Wednesday, June 18, 2008

Hummingbird vine

My sister was sold this plant labeled as Hummingbird Vine.

I knew right away that it wasn't what most people call Hummingbird Vine. (That would be Cypress Vine, Ipomoea quamoclit, shown below.)

I suspect that what she bought was actually Campsis radicans, a.k.a. Trumpet Vine, Trumpet Creeper, or (my favorite) Cow Itch.

Looking around the internet, some people do apparently call the first plant Hummingbird Vine. But it's certainly not the preferred name. Not here, anyway.

I was all ready to blame Walmart or Lowe's for the mistake, and tell her to demand a refund. But it turns out she bought the plant from the Birmingham Botanical Garden's plant sale. (Whoops.)

Trumpet Vine is native here, but many people consider it invasive in the garden.


Cypress vine photo by Janice Waltzer via Flickr.


Mark said...

Ah, trumpet vine. I think we just ID'd the little plant that came back this year. We couldn't remember what it was.

Floridacracker said...

One of my biggest mistakes was planting trumpet creeper next to my blueberry bushes.
I will battle it forever.

That's not to say I don't love this vine, I just have to be smarter about where I put it.

NCmountainwoman said...

Very interesting. I read more about this plant and it surely has a lot of negative and positive aspects. I hope everyone who wants one will thoroughly read about it.

bobbie said...

I do love trumpet vine, but oh, YES, it is invasive.

roosterhen said...

We have trumpet creeper all over the place-it sneaked in from the woods out back and is now festooned all over the fence, trees and yard- can't keep it under control. It is pretty, though.

If you want some cypress vine, I seeded more than I can use and have a few extra- also some love-in-a-puff (cardiospermum grandiflorum) which is a nice little vine with white flowers and the cutest seeds.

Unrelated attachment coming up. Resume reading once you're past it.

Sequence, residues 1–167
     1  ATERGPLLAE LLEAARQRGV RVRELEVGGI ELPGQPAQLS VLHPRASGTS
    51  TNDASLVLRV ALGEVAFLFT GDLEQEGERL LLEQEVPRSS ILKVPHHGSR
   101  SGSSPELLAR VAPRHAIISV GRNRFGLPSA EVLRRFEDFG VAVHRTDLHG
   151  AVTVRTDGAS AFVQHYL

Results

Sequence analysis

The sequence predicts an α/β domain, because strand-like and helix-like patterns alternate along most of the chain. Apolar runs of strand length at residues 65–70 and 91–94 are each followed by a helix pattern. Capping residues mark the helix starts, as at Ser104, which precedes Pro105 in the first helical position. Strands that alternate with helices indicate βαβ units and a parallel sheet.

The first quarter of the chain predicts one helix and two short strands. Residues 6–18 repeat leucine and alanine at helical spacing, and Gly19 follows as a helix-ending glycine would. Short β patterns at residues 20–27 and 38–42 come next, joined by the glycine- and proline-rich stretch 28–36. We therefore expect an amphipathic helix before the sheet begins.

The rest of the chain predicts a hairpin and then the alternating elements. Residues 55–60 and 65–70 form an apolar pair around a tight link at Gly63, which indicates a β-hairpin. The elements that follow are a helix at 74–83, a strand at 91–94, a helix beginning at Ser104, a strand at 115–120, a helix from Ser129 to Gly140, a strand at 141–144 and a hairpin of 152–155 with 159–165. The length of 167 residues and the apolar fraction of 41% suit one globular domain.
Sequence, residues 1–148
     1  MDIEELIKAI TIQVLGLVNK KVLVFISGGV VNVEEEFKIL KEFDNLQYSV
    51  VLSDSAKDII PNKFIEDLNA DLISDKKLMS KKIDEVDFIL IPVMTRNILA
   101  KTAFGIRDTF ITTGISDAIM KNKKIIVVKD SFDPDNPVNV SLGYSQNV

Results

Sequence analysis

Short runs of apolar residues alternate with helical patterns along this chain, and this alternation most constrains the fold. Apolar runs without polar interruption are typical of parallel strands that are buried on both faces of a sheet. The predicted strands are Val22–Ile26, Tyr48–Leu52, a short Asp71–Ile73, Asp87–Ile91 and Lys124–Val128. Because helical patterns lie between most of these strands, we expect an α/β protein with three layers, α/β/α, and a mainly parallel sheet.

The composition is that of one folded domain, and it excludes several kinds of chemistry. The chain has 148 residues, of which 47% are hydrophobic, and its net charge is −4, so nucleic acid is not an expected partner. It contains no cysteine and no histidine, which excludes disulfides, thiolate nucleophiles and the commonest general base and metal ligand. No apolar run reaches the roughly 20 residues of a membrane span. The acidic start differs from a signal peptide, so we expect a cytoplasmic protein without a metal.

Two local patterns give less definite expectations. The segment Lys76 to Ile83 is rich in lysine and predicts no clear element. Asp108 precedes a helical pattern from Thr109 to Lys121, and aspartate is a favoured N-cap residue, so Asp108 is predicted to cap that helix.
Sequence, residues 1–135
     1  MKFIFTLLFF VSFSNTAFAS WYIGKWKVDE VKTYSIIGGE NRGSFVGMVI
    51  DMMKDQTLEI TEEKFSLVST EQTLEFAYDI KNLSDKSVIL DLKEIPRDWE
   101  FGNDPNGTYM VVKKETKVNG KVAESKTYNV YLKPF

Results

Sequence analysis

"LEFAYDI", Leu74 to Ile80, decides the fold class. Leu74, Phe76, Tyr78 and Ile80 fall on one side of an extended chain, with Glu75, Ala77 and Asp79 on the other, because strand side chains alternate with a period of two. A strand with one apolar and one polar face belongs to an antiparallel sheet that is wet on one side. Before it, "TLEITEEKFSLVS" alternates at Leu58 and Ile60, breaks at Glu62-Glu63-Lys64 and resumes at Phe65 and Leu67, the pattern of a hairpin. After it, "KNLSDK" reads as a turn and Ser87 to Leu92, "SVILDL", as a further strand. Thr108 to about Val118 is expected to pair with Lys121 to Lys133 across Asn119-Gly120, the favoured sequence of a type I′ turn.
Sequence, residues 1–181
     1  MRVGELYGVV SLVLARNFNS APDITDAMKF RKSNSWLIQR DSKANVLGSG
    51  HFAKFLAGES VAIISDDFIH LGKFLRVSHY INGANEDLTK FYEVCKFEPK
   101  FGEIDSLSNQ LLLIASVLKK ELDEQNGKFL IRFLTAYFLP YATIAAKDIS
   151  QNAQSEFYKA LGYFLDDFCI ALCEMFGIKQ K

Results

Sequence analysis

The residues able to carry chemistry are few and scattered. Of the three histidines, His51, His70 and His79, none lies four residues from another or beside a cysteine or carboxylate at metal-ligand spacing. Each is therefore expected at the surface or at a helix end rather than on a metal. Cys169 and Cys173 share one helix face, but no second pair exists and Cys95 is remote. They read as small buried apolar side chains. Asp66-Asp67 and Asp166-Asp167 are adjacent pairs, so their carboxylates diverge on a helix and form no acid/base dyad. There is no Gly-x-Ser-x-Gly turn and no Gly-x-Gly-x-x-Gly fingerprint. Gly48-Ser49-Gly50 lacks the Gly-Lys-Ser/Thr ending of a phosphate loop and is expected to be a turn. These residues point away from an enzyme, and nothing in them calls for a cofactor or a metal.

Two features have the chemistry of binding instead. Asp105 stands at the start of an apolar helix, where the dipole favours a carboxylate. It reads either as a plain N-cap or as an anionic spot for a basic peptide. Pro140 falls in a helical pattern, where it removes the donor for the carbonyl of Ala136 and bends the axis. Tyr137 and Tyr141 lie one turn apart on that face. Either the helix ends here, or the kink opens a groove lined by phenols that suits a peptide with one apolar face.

Dave said...

"Cow itch"? I love it!

Trumpet vine may be invasive there, but here the deer eat it well before it gets out of hand.

Cindy said...

hummingbird magnets! my mother has the vines growing wild in OK= i had to plant them.. deer browse on them tho..
wonder if they'd leave 'cow itch' alone ;)

pablo said...

I'm still pulling that stuff out after we "removed" the trumpet vine off the deck a decade ago. The only solution remaining is to remove the deck as well and pour a concrete patio.

nina said...

It's a great climber, trumpet vine--and will easily overtake and swallow your house, if you turn your back on it.
But in the fencerows that are constantly being removed by road crews, it persists--and I love it for that!
We have it all over the yard and woods--and hummingbirds love it--not to mention the others that prefer the privacy it creates.

Rurality said...

Mark, I am always getting Trumpet vine and Cross vine mixed up! I'm apt to call CV by the wrong name.

FC, it grows wild all over here. I just was not that familiar with the shape of the leaves.

NCMW, it's definitely a traveller. :)

Bobbie, the vine that ate the garden? :)

Grace, yeah yeah yeah, thanks!

Dave, my grandmother called it that! But apparently it's a common folk name.

Cindy, apparently not, according to Dave.

Pablo, or get some deer. :)

Nina, like Dave, I suspect that deer eat a lot of it here. I see it in the woods, but I wouldn't really call it invasive. Maybe we just have an overpopulation of deer though.

Rurality said...

Whoops. I got it wrong. My sister emailed and said that she was sold this as "Hummingbird Weed" rather than "Hummingbird Vine". Actually though, that is worse! Hummingbird Vine is at least a vine, like the plant in the photo. Hummingbird Weed is entirely different.

I should have known that she knew what a Hummingbird Vine looked like, anyway. She gave me one once, at the old house!